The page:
MSMEs need innovation vs headwinds — Tech stakeholder

BORACAY — The best way for micro, small and medium enterprises or MSMEs to cope with the global economic headwinds is to innovate, according to a technology business honcho.

In an interview, Jimmy Go, president and CEO at VST ECS Philippines Inc., said that MSMEs should invest in enterprise resource planning or ERP and a good accounting system.

“A lot of MSMEs do not have ERPs and their ways are not automated, done with spreadsheets. That’s indeed the first step apart from anything else. Then the rest is dependent on the business, like restaurant owners should set up their businesses online. And there’s no such thing as one size fits all because the requirements of the company are different like it varies in hotels, restaurants, retail, among others,” he said.

Go explained that Philippine business owners, before the pandemic hit the country, lagged with their counterparts in the region.

“Some are really scared of online transactions due to online fraud. Everybody is too cautious, especially transacting online when money is involved. But because of the pandemic, they pivoted. That’s the good thing about the pandemic. It has introduced new processes and new ways of doing things. If the pandemic did not happen, it will take additional five years for businesses to realize and actualize automation. That’s the best lesson that we have learned from the pandemic,” he said.

In a recent report, the Philippines fell on the Global Innovation Index for this year, from 51st to 59th among 139 countries.

Despite this, the Intellectual Property of the Philippines office, said it will work double time in creating an environment that stimulates creative and innovative activities by promoting IP protection and creating a robust enforcement regime.

Also, the World Intellectual Property Organization recognized the Philippines as one of the middle-income economies with the fastest innovation catch-up to date along with China, India, Iran, and Vietnam, amid the slide in the GII, which ranks the countries and economies through innovative measures, environments, and outputs.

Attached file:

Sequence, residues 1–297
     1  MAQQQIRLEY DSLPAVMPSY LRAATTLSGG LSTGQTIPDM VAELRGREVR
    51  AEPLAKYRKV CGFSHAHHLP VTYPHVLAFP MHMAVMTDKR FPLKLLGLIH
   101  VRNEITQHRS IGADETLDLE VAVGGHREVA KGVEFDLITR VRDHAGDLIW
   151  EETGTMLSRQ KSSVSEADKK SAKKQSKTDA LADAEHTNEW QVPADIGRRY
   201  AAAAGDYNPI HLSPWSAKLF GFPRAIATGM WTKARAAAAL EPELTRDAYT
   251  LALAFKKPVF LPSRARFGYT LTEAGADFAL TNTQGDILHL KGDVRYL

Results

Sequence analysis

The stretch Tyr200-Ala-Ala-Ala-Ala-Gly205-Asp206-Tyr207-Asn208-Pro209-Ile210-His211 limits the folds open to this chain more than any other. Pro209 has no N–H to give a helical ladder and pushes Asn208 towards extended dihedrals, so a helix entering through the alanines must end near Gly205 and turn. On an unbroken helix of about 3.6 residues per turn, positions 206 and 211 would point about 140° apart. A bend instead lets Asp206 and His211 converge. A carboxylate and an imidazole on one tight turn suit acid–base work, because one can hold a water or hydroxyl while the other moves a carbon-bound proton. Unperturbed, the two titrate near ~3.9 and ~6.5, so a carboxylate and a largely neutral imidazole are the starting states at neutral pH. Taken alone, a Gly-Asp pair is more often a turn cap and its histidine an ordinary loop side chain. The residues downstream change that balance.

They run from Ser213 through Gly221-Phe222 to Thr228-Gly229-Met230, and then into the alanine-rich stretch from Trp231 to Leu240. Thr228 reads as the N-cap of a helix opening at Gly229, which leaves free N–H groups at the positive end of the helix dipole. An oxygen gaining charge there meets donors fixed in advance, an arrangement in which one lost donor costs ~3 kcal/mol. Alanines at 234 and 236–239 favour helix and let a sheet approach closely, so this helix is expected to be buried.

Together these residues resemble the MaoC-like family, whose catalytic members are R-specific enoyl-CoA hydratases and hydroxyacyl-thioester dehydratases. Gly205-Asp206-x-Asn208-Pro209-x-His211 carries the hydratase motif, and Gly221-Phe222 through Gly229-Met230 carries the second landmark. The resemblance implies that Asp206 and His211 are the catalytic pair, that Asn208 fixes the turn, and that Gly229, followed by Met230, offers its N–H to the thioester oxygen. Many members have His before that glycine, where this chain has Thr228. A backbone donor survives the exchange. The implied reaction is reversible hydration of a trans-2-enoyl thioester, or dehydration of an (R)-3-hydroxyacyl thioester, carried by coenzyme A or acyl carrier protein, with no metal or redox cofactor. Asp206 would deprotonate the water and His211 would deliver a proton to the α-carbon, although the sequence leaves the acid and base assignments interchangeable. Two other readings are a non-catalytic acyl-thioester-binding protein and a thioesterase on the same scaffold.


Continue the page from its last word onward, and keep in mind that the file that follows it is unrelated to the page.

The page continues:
“We regret to see the decline of the Philippines in the 2022 GII. Our slide of eight rungs is most alarming. This calls for the urgent task of accelerating work at the National Innovation Council to sustain innovation over time,” IPOPHL director-general Rowel Barba reacted to the recent GII report.

Managing risks

But Go said that pivoting connotes vulnerabilities to risks, such as cyberattacks, and fraud, among others.

“There’s no real guarantee that your enterprise will be safe from these online risks. Number one, the bigger you are, cyber attackers will make themselves agile and formidable because attacking huge technology companies connotes achievement for them. That’s their trophy if they can attack Microsoft and Amazon. It’s impossible to stop them. That’s the reason why they should acquire
cybersecurity such as firewalls, et cetera. There’s no one cyber solution that could solve all the problems. Most enterprises are vulnerable to those risks. It’s not an easy thing to solve,” he said.

“There would always be cyberattacks. But if you don’t pivot, you will be stagnant. You’ll be left behind,” Go emphasized.

Small companies are not the target of hackers, but their internal people, an inconvenient truth that Go revealed.

“Whether you are into a digital process, there’s still a person inside companies that will rotten the whole organization. Most cyberattacks are done internally. So, in the process of transformation, the most important thing to do is to guard the process that would fit your company’s digital transformation. That’s very important,” according to Go.

Moreover, Go lauds the government for imposing regulations to protect pivoted enterprises from vulnerabilities.